By Debra Curran
Waiting. Watching. Hoping. Waiting some more. Watching. Waiting. Hoping.
That’s what this HIE journey is all about. And it’s what makes it so damn hard.
One day, you’re minding your own business enjoying your life with your head in the clouds, and the next minute your world, your hopes and your dreams are shattered by your child’s hypoxic ischemic encephalopathy brain injury.Read more
By Jill Uswajesdakul
A kid in a candy store. That’s the best way to describe the feeling I got walking into the vendor hall at the Assistive Technology Industry Association’s (ATIA) annual conference this January.
Stepping into this huge convention center filled with every possible piece of assistive tech hardware and/or software programs. Being surrounded by leaders in fields of AT and special education, such as Linda Burkhart, Gretchen Hanser, Caroline Musselwhite and Karen Erickson, to name just a few. Getting to choose from HUNDREDS of presentations.
In short, an assistive technology geek’s dream.
For the fourth year in a row, Hope for HIE held 10 Days of Giveaways, where families can enter drawings for giveaways ranging from equipment to gift cards.
Through these giveaways, we hope to make life a little easier for our families affected by HIE. This year, we were able to give 44 families a little extra HOPE for the holidays!Read more
With over 5,000 families calling Hope for HIE home around the world, across all outcomes, our support network and information sharing is the largest collection of parent and family voices with neonatal and pediatric acquired hypoxic ischemic encephalopathy. While there is a lot of research that focuses on moderate and severe HIE, outcome tracking data continues to be lacking and our community actually is an incredible repository for tracking outcomes. With mild HIE, many families have come across the "brush off" for long term outcomes.Read more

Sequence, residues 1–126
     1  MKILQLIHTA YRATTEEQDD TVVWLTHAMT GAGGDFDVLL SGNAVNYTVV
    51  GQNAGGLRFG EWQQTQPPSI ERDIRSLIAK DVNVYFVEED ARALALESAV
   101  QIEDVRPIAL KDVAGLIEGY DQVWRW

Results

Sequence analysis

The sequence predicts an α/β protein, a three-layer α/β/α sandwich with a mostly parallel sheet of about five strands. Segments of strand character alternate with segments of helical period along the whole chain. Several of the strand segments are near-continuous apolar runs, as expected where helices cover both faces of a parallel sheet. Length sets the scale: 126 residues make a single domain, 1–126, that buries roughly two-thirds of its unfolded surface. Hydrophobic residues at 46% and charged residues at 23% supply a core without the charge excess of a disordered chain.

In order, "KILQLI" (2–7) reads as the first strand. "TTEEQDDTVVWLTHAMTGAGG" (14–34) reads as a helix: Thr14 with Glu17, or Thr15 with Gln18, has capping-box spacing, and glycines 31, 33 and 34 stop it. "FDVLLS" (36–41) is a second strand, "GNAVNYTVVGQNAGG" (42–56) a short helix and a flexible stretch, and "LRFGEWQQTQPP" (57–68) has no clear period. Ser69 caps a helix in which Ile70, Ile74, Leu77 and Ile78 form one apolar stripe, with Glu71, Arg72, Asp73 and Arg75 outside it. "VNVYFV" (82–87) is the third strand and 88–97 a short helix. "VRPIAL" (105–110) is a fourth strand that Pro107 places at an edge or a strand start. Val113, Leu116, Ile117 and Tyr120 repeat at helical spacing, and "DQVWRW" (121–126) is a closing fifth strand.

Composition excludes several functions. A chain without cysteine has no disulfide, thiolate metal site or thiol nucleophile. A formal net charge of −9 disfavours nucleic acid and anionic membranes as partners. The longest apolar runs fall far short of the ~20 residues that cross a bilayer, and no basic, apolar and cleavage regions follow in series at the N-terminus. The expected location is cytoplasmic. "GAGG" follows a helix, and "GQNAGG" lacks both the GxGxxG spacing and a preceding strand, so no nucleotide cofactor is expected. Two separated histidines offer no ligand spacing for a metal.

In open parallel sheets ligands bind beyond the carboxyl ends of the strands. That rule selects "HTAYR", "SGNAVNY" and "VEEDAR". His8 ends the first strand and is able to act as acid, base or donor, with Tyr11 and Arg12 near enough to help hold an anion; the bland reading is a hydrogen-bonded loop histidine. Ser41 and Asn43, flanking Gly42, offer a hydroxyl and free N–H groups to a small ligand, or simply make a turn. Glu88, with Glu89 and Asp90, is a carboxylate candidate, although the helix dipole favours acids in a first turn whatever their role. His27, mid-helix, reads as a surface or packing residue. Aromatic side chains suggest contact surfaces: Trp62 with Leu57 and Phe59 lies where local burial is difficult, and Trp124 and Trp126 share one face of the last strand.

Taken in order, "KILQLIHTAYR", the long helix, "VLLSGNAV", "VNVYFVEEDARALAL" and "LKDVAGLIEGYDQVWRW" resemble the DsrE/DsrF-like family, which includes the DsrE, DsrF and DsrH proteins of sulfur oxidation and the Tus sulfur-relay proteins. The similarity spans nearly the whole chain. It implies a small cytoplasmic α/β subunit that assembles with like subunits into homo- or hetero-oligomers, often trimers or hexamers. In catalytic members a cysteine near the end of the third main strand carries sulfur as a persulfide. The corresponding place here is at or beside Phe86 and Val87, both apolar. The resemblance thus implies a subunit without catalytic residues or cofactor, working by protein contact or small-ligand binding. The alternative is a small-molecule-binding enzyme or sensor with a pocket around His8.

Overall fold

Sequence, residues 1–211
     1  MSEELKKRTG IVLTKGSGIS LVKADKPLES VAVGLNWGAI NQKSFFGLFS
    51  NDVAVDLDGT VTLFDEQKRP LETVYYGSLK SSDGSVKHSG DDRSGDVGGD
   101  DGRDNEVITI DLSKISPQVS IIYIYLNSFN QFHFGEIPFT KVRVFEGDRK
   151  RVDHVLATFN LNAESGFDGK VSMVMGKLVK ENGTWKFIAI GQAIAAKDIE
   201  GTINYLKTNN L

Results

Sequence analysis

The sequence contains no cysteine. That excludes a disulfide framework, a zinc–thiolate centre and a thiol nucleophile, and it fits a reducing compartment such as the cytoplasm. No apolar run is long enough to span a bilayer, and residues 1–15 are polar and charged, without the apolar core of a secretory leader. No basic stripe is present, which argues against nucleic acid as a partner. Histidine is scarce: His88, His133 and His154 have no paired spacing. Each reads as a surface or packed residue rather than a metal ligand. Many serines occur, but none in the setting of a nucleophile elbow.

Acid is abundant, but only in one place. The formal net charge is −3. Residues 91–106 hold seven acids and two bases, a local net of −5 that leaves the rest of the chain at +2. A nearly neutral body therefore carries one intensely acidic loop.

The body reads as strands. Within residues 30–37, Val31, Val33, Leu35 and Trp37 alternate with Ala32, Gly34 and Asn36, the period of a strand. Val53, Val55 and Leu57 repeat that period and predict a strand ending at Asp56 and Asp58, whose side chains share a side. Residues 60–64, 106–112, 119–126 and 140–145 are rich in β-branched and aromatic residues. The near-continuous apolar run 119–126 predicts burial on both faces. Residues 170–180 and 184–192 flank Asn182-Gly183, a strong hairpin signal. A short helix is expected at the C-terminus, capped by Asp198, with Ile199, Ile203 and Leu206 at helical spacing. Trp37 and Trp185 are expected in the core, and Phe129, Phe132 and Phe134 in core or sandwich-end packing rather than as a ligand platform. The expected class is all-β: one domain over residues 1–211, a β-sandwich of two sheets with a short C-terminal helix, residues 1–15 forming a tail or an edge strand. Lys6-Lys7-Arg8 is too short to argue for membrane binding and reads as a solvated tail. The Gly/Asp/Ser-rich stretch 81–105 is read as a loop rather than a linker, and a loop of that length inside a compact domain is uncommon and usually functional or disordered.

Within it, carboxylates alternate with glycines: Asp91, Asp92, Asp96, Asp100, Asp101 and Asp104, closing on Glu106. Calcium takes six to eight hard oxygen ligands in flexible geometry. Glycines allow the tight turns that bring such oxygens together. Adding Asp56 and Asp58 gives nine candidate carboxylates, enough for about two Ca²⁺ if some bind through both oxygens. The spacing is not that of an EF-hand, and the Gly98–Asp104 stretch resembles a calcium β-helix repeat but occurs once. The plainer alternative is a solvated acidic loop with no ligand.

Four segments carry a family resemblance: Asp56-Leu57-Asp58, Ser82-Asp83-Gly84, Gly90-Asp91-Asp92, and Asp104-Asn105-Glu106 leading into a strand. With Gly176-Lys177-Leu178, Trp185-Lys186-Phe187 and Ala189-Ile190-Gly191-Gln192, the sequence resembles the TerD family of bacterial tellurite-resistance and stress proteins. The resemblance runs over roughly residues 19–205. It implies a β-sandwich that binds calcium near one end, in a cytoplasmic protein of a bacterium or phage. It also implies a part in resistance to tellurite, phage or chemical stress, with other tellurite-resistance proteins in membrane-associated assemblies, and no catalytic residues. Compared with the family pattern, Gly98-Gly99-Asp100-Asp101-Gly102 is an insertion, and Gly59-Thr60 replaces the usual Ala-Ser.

The Hustle for Hope 5K is one of many activities taking place throughout the month of April, HIE Awareness Month, to increase awareness, education, and support of Hypoxic Ischemic Encephalopathy through Hope for HIE, the premiere organization dedicated to awareness, education and support.
Hope for HIE chose the virtual format to meet the needs of its global community, allowing for flexibility, diversity and inclusion. Participants pick a date, time and location (indoors or outdoors) that works best and can complete the 5K by any form of mobility (walk, run or roll).